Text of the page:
Who will play this card: Vintage players and Cube enthusiasts
Who will like it: Any cosplay enthusiasts who like to see a butt with interesting costuming.
What is unnecessary here: Showing the butt and the foreshortened hand. Neither is needed, and both are okay at best.
I guess the image will be easily recognizable to Cube players who wish to replace their gold-bordered Tangle Wire. And I guess this image will be great for altering more wires into place.
The art makes sense and fits the card. It’s a solid B grade.
Was this probably an unused artwork from the Duel Decks: Venser vs. Koth? Is there a second side to this artwork that is left unused?
What the hell is up with the Photoshop 101 wispy smoke effect with a blue color overlay?
Eric’s so much better than this. His Tamiyo is just stupidly amazing. I like both of his cursed Garruk depictions, but I’m a green guy. They’re so strong, so detailed, and so meticulous. This just looks hastily-made from the bizarre art foreshortening to the hands that make Donato cry. Everyone punts, and that’s a fact. It just hurts when really quality people turn in a “good enough” piece. We’ll see Eric again. Let’s hope he swings for the fences soon.
Current Creative Team at Wizards
The current Creative team for the Magic brand at Wizards of the Coast is actually quite small. These are the professional Vorthoses. There exist other folks within WotC who write flavor text, help with world-building, and write short stories, but this is the formal Creative Team. They’re the ones who are placed on Design or Development teams to keep that flavor in check.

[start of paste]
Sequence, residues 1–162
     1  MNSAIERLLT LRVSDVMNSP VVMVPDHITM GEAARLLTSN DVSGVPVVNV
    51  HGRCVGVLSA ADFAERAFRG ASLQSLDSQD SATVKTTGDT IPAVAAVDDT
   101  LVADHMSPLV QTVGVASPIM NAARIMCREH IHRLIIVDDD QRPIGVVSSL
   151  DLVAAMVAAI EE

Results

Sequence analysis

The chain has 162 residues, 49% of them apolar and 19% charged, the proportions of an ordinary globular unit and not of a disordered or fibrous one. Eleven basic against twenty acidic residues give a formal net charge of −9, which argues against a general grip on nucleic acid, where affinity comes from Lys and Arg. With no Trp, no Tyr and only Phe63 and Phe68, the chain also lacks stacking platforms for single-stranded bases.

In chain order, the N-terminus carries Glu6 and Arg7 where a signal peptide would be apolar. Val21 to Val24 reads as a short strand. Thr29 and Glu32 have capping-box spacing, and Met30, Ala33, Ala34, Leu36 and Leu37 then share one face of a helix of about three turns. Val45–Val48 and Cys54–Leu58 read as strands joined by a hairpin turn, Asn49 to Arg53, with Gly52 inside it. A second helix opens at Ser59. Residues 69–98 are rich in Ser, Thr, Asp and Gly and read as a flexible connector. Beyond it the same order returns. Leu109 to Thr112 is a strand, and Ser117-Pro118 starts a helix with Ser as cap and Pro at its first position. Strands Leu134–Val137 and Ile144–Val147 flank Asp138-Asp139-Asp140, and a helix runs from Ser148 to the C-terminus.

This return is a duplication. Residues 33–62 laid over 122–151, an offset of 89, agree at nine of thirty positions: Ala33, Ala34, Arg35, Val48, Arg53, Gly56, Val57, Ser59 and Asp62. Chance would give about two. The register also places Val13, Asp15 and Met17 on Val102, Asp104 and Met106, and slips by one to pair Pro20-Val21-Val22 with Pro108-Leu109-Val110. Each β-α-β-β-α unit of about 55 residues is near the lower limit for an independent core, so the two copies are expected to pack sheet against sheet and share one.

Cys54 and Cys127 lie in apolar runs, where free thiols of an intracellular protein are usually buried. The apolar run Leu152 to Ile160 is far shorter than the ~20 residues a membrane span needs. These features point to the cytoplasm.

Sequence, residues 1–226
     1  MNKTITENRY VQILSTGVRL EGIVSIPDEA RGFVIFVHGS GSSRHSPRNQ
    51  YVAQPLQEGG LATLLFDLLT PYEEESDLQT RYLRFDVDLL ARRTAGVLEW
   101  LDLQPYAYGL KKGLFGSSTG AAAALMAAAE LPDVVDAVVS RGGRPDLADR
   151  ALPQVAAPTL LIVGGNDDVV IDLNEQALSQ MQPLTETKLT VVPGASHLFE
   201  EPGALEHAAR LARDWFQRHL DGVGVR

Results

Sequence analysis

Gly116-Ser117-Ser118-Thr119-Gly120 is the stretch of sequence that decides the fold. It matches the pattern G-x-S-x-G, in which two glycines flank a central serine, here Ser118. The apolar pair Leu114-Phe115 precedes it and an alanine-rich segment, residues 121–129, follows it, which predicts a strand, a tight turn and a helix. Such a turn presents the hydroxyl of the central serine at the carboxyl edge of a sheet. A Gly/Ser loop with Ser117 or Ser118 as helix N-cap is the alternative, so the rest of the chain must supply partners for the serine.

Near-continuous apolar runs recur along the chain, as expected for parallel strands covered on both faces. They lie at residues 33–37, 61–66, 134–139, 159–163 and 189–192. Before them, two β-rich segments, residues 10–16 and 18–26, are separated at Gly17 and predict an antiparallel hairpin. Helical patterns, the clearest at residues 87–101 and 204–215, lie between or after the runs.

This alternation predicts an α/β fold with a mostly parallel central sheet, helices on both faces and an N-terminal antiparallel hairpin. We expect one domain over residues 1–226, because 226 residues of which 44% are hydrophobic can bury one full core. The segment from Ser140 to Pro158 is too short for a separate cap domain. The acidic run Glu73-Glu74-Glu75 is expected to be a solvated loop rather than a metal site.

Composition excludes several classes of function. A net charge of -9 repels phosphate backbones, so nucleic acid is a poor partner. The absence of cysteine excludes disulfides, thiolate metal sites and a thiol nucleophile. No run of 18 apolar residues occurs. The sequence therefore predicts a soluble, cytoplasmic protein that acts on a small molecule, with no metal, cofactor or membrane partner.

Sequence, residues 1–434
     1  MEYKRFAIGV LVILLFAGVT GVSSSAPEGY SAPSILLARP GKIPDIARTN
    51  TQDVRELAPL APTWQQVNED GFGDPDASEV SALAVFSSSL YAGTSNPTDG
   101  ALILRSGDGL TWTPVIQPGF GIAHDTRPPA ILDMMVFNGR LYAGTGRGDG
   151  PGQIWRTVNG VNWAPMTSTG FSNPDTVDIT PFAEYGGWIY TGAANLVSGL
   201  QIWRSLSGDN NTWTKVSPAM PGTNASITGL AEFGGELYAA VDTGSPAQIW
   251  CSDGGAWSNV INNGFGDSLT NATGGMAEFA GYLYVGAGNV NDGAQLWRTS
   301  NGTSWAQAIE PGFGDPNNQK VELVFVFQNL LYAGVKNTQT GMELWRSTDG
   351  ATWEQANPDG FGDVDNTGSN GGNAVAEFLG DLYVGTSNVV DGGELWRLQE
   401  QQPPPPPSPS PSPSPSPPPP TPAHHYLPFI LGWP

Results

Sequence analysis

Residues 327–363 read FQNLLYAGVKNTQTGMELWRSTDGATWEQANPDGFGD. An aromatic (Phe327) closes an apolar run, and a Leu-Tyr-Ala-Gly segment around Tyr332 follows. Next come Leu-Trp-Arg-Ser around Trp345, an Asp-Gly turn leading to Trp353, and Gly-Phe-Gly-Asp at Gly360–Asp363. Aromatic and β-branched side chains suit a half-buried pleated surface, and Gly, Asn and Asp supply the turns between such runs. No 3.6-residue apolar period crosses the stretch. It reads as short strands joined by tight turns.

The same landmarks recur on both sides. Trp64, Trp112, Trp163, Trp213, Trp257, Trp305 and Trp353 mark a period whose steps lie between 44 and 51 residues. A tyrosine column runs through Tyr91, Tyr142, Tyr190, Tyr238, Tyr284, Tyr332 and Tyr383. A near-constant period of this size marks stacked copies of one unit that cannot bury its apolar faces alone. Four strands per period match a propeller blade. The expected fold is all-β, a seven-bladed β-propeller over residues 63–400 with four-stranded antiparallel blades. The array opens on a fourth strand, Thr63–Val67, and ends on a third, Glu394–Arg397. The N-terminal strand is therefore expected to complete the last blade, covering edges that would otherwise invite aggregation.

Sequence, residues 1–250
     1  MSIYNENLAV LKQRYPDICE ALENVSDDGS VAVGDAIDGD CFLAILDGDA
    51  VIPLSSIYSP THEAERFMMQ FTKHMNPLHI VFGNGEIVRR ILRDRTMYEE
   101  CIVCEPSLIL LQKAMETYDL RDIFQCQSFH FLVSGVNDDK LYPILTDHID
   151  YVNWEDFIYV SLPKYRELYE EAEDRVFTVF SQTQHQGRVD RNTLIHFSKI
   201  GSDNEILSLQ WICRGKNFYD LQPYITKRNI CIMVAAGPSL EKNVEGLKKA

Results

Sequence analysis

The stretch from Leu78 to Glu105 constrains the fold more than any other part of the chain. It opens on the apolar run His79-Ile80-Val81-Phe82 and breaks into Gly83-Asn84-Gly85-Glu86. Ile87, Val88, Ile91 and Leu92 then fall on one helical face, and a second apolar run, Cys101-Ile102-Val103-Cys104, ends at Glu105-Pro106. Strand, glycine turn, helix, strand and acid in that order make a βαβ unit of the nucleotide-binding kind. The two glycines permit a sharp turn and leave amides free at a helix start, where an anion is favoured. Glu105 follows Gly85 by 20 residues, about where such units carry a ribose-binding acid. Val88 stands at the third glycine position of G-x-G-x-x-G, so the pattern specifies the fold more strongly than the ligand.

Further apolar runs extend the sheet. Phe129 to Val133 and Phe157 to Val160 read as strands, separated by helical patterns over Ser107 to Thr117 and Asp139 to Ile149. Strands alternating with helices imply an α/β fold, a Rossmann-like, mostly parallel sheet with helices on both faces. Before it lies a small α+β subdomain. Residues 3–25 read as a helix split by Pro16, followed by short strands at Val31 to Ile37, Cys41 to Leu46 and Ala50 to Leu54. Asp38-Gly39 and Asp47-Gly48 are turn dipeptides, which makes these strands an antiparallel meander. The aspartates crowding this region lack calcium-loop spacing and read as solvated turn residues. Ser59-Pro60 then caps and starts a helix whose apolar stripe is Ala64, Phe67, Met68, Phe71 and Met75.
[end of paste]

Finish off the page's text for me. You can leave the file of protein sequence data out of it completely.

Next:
Colin is currently the boss of sorts, handling work flows and “loving” meetings. Since there has been some restructuring, Colin is the new Brady, of sorts.
Senior Art Director
Jeremy commissions most of the art we see on cards. He has some help from Dungeons & Dragons art directors from time to time. He is the guy you see at conventions doing portfolio reviews or telling stories in the hotel bar with artists.
When artists come in for pushes, they work with Richard. He works on the style guides and lifts a lot in creating the first impressions of world-building. His work goes largely unnoticed, but artists sure know him.
Senior Creative Designer
Jenna and Doug are the Contra red/blue characters, writing all the things and filling the worlds. Uncharted Realms was started by Jenna and now rotates between members and freelancers.